Goodreads: A Drowned Maiden’s Hair
Maud Mary Flynn never expects to leave the orphanage where she is generally considered disagreeable and impertinent. But then Miss Hyacinth Hawthorne arrives and wants Maud to live with her and her sisters. Maud wants desperately to be loved, so she agrees to be the sisters’ “secret child,” staying indoors and hiding from visitors, all so she can help with the family business of conducting faking séances. But as time passes, the practice of playing on others’ grief for their money starts to become an intolerable burden. How much is Maud really willing to sacrifice to feel accepted?
The premise of A Drowned Maiden’s Hair–that of an eleven-year-old girl participating in the fake séances led by her adoptive family–immediately drew me in. I imagined a a melancholy and slightly morbid Victorian setting as the main attraction, along with some perhaps quirky or deliciously creepy characters to people it. Instead I discovered a story focused more on its characters than on the novelty of fake mediums, a story dedicated to probing questions of grief, love, family, and morality.
Initially I was not sure I would like Maud and feared I would not be able to sympathize with her on her journey. She seemed unduly jealous of the other girls, petulant, and irritating. Her way of “acting out” is to scrape her boots on the floor to make an irritating noise. She seemed to lack the spirit even to rebel properly. But then she was adopted and my heart melted. It became clear that all Maud really wants is for someone to love her. That desire hides beneath a somewhat grown-up exterior, but when Maud allows herself to let go and to feel happiness, one sees her as she is–a mere child aching for a home but afraid of being hurt one more time.
Once I began to understand Maud, the story opened up to me. She is not the only one hiding a secret and, because the other characters are shown through her eyes, the true natures of the others is not readily apparent. As an eleven-year-old, Maud tends to judge initially on appearance and she is susceptible to judging favorably those who give her sweets and treats while withholding favor from those who discipline her. The reader thus gets to mature along with Maud, in a sense, learning who is really kind and who is really selfish only by watching the way they treat those around them–including Maud.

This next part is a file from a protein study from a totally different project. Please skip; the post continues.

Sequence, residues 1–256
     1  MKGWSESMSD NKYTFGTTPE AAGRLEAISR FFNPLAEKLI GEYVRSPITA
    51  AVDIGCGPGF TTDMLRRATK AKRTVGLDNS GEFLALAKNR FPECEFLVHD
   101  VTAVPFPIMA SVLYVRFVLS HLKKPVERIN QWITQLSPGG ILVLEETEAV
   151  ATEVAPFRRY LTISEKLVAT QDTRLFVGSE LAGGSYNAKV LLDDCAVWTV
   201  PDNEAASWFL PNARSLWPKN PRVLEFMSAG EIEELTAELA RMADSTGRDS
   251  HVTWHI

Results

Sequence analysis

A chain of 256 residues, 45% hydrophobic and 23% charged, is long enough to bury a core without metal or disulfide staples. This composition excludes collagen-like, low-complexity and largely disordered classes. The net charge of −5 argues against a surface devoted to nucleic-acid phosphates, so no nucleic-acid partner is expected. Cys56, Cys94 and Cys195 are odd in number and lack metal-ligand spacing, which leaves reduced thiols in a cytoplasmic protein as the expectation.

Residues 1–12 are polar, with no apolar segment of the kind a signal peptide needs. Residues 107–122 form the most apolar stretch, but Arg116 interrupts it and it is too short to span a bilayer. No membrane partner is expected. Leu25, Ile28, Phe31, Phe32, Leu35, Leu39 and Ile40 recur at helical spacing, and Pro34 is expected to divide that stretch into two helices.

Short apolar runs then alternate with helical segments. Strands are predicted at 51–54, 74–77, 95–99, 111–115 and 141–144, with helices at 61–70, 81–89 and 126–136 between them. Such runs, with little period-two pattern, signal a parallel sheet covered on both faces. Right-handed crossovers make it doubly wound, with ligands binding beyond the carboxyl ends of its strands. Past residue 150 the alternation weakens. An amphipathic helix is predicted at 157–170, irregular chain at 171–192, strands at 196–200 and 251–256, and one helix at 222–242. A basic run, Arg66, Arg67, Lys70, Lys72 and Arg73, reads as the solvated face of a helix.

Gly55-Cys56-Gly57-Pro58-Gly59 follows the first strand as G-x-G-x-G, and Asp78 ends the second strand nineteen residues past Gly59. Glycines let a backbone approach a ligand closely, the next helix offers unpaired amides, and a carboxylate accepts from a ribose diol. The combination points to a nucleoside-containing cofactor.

For Maud is often treated terribly. She is an investment by the sisters to reap later financial gain and, as such, she is expendable. Her case becomes that of an abuse victim, for her guardians use her for their own ends and toy with her enough to keep her happy to oblige. But the story permits no victim blaming even as it induces readers to sympathize with the child. Alone and perpetually unwanted, Maud is understandably desirous of trying to stay in this home, trying to convince someone that she is clever, good, and useful–and thus worthy of love. She may be looking in all the wrong places, but you can’t blame her for looking. Indeed, while seeing through her eyes, readers may find themselves hoping for the impossible, as well.
Maud has a way of focusing the attention of the story on herself, but that in no way means the rest of the story lacks interest. Indeed, I found myself captivated by all the characters and desirous of learning all their fates. Though the plot summary initially attracted me with promises of depicting fake psychic sessions, learning the means by which the sisters scammed their clients ultimately could not compare to the psychological study the sisters themselves presented.
A Drowned Maiden’s Hair is a surprisingly thoughtful look at the things we do for love. Though ostensibly about the coldness of grief and death, it ultimately triumphs as a heartwarming story about home and family.